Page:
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The humor in attempted rape is (nonexistent)

A choir at Liberty University, “the largest evangelical Christian university in the world,” based a humorous a cappella Christmas song on one written about an attempted rape. Moving Christa Brown to review the origin of the song and ask:

A parody about an attempted rape in the projects is “fun”? This is how Christian young people at a private university show humor?

The humor in rape eludes us too, Christa.

You may disagree, even after reading the backstory:

Addendum

There are other, forcefully expressed views:

December 19, 2010 Posted by | Religion, Satire, SBC | , , | 4 Comments

Archbishop Fisichella stands his ground

Archbishop Salvatore (Rino) Fisichella is standing his ground against an eruption of U.S. “hyper-partisanship” into Vatican affairs. He isn’t going to resign, apologize or lend further ink to his critics.

Five members of the 145-member Pontifical Academy for Life, which Fisichella heads, circulated a letter calling for his resignation.

Their campaign was supported by Judie Brown, president of the American Life League and in an essay by Monsignor Michel Schooyans, an academy member and emeritus professor at Belgium’s Louvain University. Schooyans argued that Fisischella had fallen into a trap of “bogus compassion.”

The letter was greeted with surprise by the Vatican spokesman, Jesuit Father Federico Lombardi. CNS reported:

“It’s a bit strange that persons who are members of an academy address a request of this kind without addressing it to the competent authorities,” Father Lombardi said. “It’s astounding and seems incorrect that such a document be given public circulation.”

At issue is the March, 2009, case of a nine-year-old Brazilian girl, about whom Allison Hantschell wrote:

Easy-Bake

I had an Easy-Bake Oven, when I was 9. It made tiny cupcakes and itty-bitty cookies, and I haven’t been able to stop thinking about it since I read about the girl in Brazil.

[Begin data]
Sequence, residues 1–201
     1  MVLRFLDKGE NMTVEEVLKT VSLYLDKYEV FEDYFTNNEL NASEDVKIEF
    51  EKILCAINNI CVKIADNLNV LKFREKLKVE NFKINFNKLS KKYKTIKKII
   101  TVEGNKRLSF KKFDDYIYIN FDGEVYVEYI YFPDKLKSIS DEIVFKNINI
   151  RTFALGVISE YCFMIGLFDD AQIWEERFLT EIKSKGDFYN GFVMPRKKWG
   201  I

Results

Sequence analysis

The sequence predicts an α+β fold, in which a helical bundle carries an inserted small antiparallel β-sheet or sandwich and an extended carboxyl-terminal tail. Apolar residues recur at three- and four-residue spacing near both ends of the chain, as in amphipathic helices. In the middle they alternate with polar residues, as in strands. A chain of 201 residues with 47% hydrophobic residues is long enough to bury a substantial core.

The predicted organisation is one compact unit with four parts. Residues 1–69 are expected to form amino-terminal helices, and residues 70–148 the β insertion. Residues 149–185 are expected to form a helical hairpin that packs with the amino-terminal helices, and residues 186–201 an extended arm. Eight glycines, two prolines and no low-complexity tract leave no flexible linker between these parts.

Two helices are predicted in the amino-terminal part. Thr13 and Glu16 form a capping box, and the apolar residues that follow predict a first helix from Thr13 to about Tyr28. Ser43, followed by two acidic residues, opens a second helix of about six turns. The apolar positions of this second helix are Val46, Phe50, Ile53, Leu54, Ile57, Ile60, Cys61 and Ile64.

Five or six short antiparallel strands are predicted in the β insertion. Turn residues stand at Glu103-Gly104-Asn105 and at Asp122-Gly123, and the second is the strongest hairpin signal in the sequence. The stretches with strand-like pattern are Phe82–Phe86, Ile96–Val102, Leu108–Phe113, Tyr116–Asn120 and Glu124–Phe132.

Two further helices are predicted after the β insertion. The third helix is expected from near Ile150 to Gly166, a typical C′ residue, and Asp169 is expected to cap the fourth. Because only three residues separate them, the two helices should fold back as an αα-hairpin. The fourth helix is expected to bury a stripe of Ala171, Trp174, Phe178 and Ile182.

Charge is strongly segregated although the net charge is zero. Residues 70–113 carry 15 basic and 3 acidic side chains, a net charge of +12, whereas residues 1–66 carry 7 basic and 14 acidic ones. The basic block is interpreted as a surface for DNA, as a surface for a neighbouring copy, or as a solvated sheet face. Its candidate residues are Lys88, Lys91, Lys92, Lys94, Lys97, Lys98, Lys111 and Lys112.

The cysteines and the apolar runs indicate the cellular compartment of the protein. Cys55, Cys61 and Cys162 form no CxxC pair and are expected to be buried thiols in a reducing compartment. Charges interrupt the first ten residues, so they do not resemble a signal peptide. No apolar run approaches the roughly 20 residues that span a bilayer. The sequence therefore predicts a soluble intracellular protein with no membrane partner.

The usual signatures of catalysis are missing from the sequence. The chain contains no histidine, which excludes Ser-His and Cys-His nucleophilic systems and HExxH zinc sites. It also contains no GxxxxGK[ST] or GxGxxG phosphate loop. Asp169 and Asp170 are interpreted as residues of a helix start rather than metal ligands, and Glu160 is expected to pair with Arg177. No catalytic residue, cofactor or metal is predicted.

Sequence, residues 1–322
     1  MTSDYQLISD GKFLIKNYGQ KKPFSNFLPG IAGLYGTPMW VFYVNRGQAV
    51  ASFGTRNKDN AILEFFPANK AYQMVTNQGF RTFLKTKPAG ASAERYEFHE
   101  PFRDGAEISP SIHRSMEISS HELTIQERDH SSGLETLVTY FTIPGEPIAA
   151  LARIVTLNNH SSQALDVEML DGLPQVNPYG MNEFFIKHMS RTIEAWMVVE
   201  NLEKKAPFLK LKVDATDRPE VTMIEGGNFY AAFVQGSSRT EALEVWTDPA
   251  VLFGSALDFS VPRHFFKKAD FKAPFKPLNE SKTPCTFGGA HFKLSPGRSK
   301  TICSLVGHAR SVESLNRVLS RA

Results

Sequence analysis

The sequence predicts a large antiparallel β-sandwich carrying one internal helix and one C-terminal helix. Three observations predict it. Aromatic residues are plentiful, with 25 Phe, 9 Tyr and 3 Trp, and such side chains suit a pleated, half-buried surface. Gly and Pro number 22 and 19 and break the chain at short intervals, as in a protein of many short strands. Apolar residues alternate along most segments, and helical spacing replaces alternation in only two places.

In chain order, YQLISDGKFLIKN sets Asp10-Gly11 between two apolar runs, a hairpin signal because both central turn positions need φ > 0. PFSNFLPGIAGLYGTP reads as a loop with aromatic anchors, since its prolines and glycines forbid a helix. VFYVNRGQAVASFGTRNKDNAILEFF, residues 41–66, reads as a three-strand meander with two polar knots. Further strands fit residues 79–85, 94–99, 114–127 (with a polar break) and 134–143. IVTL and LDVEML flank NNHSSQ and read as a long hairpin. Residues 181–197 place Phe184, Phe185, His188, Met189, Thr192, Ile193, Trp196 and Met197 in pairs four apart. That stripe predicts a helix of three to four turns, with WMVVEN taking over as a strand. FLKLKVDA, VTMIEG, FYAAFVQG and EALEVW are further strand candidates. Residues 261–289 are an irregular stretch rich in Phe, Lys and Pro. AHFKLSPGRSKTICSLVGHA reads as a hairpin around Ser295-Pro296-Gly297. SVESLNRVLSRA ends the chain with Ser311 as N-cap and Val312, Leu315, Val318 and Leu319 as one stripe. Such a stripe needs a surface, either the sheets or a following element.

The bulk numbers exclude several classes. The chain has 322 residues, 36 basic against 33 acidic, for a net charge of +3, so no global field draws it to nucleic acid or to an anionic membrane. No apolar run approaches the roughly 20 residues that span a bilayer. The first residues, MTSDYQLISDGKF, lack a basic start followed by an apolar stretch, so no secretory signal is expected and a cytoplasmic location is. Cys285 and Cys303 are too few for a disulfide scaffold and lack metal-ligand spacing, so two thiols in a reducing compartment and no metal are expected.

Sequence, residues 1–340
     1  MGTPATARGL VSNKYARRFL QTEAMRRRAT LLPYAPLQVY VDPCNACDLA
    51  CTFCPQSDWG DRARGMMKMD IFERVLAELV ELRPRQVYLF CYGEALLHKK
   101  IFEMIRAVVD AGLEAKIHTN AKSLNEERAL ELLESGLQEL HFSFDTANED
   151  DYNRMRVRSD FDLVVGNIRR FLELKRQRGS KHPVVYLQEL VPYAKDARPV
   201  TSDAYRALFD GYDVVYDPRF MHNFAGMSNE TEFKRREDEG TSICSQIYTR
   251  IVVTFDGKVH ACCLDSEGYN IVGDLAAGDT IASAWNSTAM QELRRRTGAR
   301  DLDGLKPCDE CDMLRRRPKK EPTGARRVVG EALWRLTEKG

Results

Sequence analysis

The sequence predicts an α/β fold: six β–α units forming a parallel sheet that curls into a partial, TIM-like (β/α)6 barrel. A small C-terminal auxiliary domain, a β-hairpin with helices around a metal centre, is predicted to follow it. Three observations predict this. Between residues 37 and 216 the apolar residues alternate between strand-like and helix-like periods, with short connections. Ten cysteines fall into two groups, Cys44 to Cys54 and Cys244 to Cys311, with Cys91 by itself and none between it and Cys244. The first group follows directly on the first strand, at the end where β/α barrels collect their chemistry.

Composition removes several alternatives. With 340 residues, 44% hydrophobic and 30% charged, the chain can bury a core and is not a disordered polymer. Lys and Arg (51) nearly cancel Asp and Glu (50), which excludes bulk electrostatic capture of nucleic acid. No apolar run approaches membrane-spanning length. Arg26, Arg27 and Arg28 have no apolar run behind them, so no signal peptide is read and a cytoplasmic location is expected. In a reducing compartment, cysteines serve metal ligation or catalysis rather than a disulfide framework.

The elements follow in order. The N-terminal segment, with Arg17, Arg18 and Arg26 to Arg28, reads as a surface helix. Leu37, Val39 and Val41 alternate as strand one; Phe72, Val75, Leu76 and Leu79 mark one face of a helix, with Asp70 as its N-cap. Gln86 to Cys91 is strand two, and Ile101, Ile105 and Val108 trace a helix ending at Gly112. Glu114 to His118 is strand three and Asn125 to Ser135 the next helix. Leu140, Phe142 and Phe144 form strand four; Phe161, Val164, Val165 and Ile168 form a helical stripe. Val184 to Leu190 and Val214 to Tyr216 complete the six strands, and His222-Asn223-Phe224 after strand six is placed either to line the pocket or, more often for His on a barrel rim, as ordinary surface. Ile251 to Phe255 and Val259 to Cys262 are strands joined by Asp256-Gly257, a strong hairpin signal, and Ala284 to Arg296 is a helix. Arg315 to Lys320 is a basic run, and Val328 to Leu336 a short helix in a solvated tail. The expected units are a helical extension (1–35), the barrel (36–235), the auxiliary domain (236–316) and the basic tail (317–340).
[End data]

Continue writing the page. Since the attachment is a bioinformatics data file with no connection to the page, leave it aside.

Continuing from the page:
I don’t know her name, but she’s 9 years old, living in Brazil. Brutally raped by her stepfather, multiple times over a period of years, and finally impregnated with twins.

Nine years old. And instead of playing baseball, or learning numbers, or baking tiny cupcakes and itty-bitty cookies, this little girl is at the center of a worldwide controversy over the Roman Catholic Church, its views on abortion, and, above all, the role of mercy and the incoherence of men.

In response to the abortion, the Archbishop of Olinda and Recife, Brazil, Jose Cardoso Sobrinho announced that he was excommunicating the doctors and the young girl’s mother. When that was not received well, the response was recast.

Anyone (with certain exemptions) who consciously worked to stop a birth excommunicated himself/herself, so:

Brazil’s Catholic bishops conference denied that the archbishop of Recife and Olinda, Jose Cardoso Sobrinho, excommunicated the mother and doctors who practiced a legal abortion on a nine-year-old girl that was pregnant with twins after being raped by her stepfather. . . . The secretary general of the bishops conference, Dimas Lara Barbosa, said that the prelate “at no time excommunicated anyone.”